IN THE SUPREME COURT OF THE STATE OF IDAHO Boise, June 2012 Term
August 9, 2012
IN THE MATTER OF THE ESTATES OF CAROL BAILEY AND FRANCIS ANDREW BAILEY, DECEASED. F. KIM BAILEY, PERSONAL REPRESENTATIVE OF THE ESTATES OF CAROL BAILEY AND FRANCIS ANDREW BAILEY, PLAINTIFF-APPELLANT,
KERRY BAILEY, KYLE BAILEY, AND TAMARA BAILEY SIPE, DEFENDANTS-RESPONDENTS.
Appeal from the District Court of the Seventh Judicial District of the State of Idaho, Bonneville County. Hon. Jon J. Shindurling, District Judge. Hon. L. Mark Riddoch, Magistrate Judge.
The opinion of the court was delivered by: Horton, Justice.
2012 Opinion No. 116
Stephen Kenyon, Clerk
This appeal arises out of a dispute regarding the requirements for determining whether a claimed amount of attorney fees is reasonable. After extended litigation to settle his parents' estate, Kim Bailey (Bailey), the estate's personal representative, asked the magistrate court for an award of attorney fees from estate funds, pursuant to Idaho Code § 15-3-720. The magistrate court found that Bailey was entitled to reasonable fees to be determined under I.R.C.P. 54(e)(3) and ordered Bailey to provide an accounting of his attorney fees, including the time his attorney spent providing legal services. Bailey's attorney notified the court that he was unable to comply with the order, explaining that he did not keep time records because the attorney-client contract expressly stated that the fee would not be based upon an hourly rate, but upon the attorney's opinion of the reasonable worth of his services. The beneficiaries of the estate (the Beneficiaries) challenged the sufficiency of the accounting. The magistrate court denied Bailey's request for fees and concluded that without time records it could not determine a reasonable fee amount in compliance with I.R.C.P. 54(e)(3)(A). The district court upheld the denial of fees, and Bailey timely appealed. We affirm.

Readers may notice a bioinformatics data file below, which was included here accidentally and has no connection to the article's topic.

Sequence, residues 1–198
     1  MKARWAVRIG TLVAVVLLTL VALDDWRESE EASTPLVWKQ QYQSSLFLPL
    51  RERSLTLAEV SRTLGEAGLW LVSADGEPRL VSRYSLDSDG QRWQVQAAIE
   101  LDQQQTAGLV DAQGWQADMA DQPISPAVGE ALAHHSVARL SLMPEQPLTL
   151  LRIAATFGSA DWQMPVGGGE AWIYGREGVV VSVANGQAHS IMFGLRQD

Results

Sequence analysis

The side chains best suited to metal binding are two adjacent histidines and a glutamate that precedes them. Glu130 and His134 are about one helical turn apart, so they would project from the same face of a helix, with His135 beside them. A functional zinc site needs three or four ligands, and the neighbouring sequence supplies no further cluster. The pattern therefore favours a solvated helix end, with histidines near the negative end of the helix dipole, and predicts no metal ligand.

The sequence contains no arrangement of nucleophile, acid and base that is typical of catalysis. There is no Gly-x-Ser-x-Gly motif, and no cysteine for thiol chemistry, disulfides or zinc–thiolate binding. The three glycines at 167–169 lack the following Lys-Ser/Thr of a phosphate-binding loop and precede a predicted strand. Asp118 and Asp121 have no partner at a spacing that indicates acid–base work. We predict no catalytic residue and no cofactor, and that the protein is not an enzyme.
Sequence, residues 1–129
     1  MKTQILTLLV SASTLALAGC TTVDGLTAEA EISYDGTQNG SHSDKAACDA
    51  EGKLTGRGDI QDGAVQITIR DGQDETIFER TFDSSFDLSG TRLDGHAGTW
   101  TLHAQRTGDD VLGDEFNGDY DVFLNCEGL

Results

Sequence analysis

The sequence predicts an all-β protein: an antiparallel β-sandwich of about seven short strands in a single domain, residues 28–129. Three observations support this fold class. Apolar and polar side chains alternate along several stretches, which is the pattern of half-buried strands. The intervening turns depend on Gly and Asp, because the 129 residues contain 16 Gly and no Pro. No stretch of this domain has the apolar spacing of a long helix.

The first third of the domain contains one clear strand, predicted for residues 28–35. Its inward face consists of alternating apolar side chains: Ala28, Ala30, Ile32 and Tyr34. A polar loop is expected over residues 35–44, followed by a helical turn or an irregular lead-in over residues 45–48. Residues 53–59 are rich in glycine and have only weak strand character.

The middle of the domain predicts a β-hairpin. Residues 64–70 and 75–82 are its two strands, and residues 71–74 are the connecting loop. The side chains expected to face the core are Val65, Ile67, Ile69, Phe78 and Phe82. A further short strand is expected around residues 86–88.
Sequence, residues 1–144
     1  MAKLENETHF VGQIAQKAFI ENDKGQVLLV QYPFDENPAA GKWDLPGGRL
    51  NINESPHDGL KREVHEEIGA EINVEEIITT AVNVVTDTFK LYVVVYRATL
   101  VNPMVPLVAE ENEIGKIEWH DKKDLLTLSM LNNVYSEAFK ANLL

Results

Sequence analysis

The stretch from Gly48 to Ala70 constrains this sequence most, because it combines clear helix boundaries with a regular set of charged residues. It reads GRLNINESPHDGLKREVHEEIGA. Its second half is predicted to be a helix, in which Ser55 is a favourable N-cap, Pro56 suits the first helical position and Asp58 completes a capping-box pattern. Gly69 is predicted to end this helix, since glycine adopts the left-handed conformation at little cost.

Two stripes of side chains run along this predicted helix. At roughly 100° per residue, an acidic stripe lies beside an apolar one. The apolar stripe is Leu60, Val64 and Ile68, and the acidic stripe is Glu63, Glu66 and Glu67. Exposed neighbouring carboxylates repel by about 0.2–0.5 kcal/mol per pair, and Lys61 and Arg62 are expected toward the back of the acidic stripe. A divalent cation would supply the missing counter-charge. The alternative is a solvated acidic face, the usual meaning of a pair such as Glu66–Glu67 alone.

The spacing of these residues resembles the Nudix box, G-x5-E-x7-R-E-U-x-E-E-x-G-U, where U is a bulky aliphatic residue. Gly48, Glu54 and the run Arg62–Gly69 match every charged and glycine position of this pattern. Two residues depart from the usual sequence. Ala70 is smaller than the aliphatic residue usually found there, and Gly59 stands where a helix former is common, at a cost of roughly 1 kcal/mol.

I. FACTUAL AND PROCEDURAL BACKGROUND
The district court set forth the factual background to this litigation in its order on appeal: